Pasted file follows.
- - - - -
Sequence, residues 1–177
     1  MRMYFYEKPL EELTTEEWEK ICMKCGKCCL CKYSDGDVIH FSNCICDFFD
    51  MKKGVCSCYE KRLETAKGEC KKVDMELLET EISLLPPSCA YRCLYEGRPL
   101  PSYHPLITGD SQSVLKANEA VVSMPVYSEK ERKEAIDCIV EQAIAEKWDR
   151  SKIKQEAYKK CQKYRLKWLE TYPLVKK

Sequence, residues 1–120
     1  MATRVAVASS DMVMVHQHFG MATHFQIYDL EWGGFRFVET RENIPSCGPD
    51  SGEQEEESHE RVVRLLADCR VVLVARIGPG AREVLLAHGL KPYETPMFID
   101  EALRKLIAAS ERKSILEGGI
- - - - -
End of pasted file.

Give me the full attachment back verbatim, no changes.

Sequence, residues 1–177
     1  MRMYFYEKPL EELTTEEWEK ICMKCGKCCL CKYSDGDVIH FSNCICDFFD
    51  MKKGVCSCYE KRLETAKGEC KKVDMELLET EISLLPPSCA YRCLYEGRPL
   101  PSYHPLITGD SQSVLKANEA VVSMPVYSEK ERKEAIDCIV EQAIAEKWDR
   151  SKIKQEAYKK CQKYRLKWLE TYPLVKK

Sequence, residues 1–120
     1  MATRVAVASS DMVMVHQHFG MATHFQIYDL EWGGFRFVET RENIPSCGPD
    51  SGEQEEESHE RVVRLLADCR VVLVARIGPG AREVLLAHGL KPYETPMFID
   101  EALRKLIAAS ERKSILEGGI